Spc. Elexis Mitchell

Unit: Medical Department Activity

Place of duty: Kenner Army Health Clinic

Military occupational specialty: 68Q – pharmacy specialist

Home: Blythewood, S.C.

Age: 21

Time in service: Three years

Describe your personality: “I’m a very positive, realistic person. I feel like everything’s for a reason, so I tend look on the brighter side of things.”

Personality strength: “I’m a realist. No matter the situation, I’m always going to prepare for the worst and hope for the best.”

Personality weakness: “Sometimes I can be too giving. I don’t care enough about myself sometimes, however, I keep pushing forward.”

Pastimes: “I have a second job. I’m a server (at a chain restaurant). I was in school. I just got my associate’s degree.”

If you won the lottery … “First, I’d pay off any debt my parents might have and buy them cars because they did that for me and my sisters. They’ve had the same cars since I was in high school. I feel like they’re deserving. I’d also finish paying off my car, buy a house somewhere nice and invest the rest.”

People you admire: “My mother and father. I feel my dad and me are very similar. He’s from New York and had a tough time growing up. He got out of there by joining the military. My mom and dad had similar backgrounds. They both joined the military right off the bat, and that’s how they met. My dad chose to stay in the military, and my mom stayed home. My mom gave up her job to take care of us, and my dad, he continued on … and got deployed three or four times. I never saw him during those times and was upset about it. As I grew older, I realized there was a purpose. I know he didn’t want to do it, but it was best for our family. He ended up retiring a month before I joined the military. He stuck it out until the last one left the house.”

The celebrity or historical figure you’d like to meet: “I would say (the deceased singer) Amy Winehouse.  I’m very curious about her music, and she seemed like a very intense person. I like to understand what people feel, so I would want to understand what she was all about.”

Talk about your upbringing: “I’m the youngest. I have two older sisters. We moved around a lot. We were stationed at Fort Campbell (Ky.); Schinnen (The Netherlands); Fort Knox (Ky.); and Fort Jackson (S.C.) I met a lot of different spirits – a lot of different personalities. Every time I moved, I’d come into contact with the same types of people. Moving around gives you resilience because you meet new people, you impact their lives, they impact yours’ and then you move on.”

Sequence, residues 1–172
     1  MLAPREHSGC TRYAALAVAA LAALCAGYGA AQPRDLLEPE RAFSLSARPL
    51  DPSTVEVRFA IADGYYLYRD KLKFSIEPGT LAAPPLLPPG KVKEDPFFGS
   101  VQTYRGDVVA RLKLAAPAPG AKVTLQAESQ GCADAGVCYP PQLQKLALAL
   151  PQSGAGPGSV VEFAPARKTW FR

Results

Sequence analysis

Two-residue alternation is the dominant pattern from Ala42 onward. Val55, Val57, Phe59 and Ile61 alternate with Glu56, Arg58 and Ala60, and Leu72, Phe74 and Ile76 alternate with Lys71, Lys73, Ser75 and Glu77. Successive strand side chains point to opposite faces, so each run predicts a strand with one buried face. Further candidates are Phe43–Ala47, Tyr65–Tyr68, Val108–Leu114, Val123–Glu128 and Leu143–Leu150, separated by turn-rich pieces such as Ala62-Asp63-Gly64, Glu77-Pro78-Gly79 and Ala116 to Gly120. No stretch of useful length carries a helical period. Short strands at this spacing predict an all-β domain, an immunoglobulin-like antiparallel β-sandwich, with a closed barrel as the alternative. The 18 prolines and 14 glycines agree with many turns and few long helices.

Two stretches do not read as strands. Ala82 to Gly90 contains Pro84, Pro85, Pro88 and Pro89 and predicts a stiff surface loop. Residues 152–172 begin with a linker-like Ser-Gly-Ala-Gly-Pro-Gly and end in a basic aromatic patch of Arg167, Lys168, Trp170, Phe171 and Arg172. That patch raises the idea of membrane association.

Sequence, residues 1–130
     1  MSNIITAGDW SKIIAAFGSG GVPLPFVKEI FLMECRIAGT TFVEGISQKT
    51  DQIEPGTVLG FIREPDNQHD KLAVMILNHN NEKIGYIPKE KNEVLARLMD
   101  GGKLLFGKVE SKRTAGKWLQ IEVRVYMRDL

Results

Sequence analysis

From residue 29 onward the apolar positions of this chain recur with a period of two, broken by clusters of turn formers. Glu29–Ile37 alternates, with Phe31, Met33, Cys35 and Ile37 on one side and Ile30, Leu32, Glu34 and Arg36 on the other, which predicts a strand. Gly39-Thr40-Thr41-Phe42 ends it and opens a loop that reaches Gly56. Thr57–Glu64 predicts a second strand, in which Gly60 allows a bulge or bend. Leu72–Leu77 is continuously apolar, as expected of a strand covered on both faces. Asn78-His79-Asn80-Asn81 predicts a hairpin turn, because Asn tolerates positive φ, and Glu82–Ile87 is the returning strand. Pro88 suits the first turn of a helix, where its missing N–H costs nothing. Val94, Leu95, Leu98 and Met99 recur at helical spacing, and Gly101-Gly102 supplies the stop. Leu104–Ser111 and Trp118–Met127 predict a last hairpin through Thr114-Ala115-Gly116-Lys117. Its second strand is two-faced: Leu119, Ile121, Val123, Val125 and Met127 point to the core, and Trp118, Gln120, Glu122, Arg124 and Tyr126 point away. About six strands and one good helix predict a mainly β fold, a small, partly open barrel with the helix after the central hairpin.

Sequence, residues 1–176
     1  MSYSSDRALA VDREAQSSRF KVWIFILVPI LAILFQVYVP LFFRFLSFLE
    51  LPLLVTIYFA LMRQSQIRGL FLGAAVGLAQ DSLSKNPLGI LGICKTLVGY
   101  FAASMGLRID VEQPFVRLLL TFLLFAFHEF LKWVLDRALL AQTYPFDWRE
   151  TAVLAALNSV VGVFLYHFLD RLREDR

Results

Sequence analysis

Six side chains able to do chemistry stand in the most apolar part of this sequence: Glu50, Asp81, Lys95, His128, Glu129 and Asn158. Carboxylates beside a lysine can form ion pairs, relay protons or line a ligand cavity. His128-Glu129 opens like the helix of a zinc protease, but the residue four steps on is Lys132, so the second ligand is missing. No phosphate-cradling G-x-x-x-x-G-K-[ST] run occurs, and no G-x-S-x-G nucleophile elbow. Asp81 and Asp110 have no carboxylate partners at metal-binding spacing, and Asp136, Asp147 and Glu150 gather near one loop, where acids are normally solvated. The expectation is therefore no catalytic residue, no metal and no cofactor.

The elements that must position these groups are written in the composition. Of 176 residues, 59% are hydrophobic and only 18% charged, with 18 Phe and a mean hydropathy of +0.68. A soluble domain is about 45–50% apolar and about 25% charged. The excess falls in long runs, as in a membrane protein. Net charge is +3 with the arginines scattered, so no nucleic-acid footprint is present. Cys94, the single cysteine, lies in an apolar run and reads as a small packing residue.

The drawbacks of growing up military: “My mom said we never had a home. My dad’s family is in New York and my mom’s family is in California. We never had any roots. My dad’s last duty station was Fort Jackson. When he ended up getting orders for Korea, my mom was like, ‘We’re not leaving. This is where we’re going to stay.’ My dad did his last tour in Korea. My parents are still in South Carolina.”

Your ideal life: “One part of me wants to have a life like I did growing up – traveling and visiting a lot of different countries. At the same time, I want to give my kids stability and have a home somewhere.”

If you could do anything, anywhere right now, what and where would that be? “I would probably go to Bali (an island in the South Pacific) and lay on the beach.”

One life-changing moment: “On the day of my high school graduation (in Blythewood), everyone was with their families. My family was there, too. They were all taking pictures and (enjoying the moments). I just kind of stepped back, looked at everybody and thought, ‘These people are not my friends.’ It was an epiphany that things don’t last, and at the end of the day, it’s just you … and maybe my one or two friends. Everybody who you think is your friend or is going to be there for you are not. A lot of the graduates had known their teachers and coaches since they were kids. I didn’t have the connections they did.”

Why you joined the Army: “Well, it was my senior year (in high school), and I had no idea what I wanted to do. I was attracted to the (benefits of the military) because I watched both of my sisters go through college. I knew I didn’t want to be all stressed about working at the same time I was going to school. I just needed to get out. Raised in a military family, I was moving every few years. I couldn’t see myself staying in Blythewood with those people. Even now, I go back and see the same people working at the gas station, living in the same neighborhood, etc. I’m glad I got out.”

Why you chose your MOS: “I got a list of the MOSs I was qualified for and took it back to my (junior) ROTC instructor. He saw pharmacy specialist listed, said it was a difficult MOS to get into and encouraged me to choose it. I was like, ‘OK.’ Dealing with outpatients is not always my cup of tea, but knowing I’m helping people is rewarding … and because (the pharmacy is usually) the last stop, we have the ability to leave a lasting impression.”

Best thing about the Army: “The opportunities.”

Worst thing about the Army: “Sometimes, people are put in positions that are not best for them.”

Where you see yourself in five years: “I would have a degree in nursing. If I choose to stay in the military, I will be working as an officer and living overseas.”